It might not seem like it given the amount of trip reports I’ve posted lately (at least I’ve been blogging!), but I am having serious problems motivating myself to go on hikes. Or runs. Or social events. Or just getting out of bed. I’m feeling incredibly lethargic, unhealthy and down in the dumps. Depression isn’t anything new to me, and I’ve come to realize that it’s probably something I am going to struggle with for the rest of my life, but I really want to be able to manage it at a level where I can take care of myself and my loved ones.
For me, depression comes and goes in waves. This happens to be one of the really low points, and I can’t really see the surf going up anytime soon. I’ve been looking back over the last couple of years to try to make sense of the ebb and flow of it all, and it seems to really be connected to physical activity. I can honestly say that hiking changed (and quite possibly saved) my life.
I just posted some photos of our recent trip to the Space Needle on Flickr, and I was struck by the difference in my appearance now and the last time we went. It was in the spring of 2007, one of the most difficult periods of my life. I remember how uncomfortable I felt in my body and in my life. I had migraines almost every day. I would always stay home while JK went out with our friends. I had no energy. I was deeply unhappy. Apart from the weight loss (it’s not even about the weight loss), I can see how much more confident, content and relaxed I am now. Hiking gave me exercise, sunshine, endorphins, fresh air, a sense of accomplishment, confidence in learning new skills, and a sense of purpose. So I’ve come a long way, but not far enough.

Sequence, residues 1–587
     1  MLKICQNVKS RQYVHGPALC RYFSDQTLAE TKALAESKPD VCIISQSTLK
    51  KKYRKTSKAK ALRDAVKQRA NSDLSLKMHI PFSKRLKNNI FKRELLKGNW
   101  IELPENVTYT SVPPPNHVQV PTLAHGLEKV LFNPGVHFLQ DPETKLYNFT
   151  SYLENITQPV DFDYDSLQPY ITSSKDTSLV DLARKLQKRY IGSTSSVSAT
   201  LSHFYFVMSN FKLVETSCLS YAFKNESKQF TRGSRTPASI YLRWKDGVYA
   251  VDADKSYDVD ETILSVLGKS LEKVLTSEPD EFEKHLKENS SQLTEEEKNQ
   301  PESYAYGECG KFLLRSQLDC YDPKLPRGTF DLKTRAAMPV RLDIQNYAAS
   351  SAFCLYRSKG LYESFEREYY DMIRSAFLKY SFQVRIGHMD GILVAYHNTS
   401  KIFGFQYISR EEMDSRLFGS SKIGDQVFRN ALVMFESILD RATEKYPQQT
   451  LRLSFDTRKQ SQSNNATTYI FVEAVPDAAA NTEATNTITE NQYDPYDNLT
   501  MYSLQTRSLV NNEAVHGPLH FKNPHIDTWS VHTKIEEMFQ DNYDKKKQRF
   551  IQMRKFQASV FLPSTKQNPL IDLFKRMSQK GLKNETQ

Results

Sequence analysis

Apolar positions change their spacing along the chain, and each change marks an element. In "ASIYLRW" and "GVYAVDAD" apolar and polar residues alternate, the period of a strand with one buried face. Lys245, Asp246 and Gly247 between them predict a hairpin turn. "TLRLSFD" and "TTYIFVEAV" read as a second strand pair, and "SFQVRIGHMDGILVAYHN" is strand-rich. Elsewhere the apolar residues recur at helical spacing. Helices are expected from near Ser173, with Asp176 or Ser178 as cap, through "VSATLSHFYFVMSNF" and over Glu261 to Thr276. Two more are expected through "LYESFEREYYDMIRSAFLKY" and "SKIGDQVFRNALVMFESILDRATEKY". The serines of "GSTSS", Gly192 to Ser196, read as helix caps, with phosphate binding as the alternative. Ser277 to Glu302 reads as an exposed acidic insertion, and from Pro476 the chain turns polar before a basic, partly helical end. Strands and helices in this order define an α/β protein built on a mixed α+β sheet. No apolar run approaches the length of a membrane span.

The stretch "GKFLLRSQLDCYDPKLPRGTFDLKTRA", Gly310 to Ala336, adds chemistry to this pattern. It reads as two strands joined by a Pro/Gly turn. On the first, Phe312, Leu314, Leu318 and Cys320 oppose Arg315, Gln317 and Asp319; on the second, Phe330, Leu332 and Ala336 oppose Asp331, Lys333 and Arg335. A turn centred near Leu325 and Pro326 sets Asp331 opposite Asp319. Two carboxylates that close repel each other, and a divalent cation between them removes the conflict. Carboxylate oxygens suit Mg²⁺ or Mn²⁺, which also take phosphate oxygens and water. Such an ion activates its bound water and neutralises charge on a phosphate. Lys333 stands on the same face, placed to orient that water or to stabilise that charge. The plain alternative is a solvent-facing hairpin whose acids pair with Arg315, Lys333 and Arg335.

The last time I felt really energetic, confident and carefree over an extended period of time was in late May and June…which also just happens to coincide with a period where I was doing lots of hiking and, more importantly, lots of running on the non-hiking days. I really think this is key – hiking once or twice a week isn’t enough; I have to keep the endorphins going throughout the week.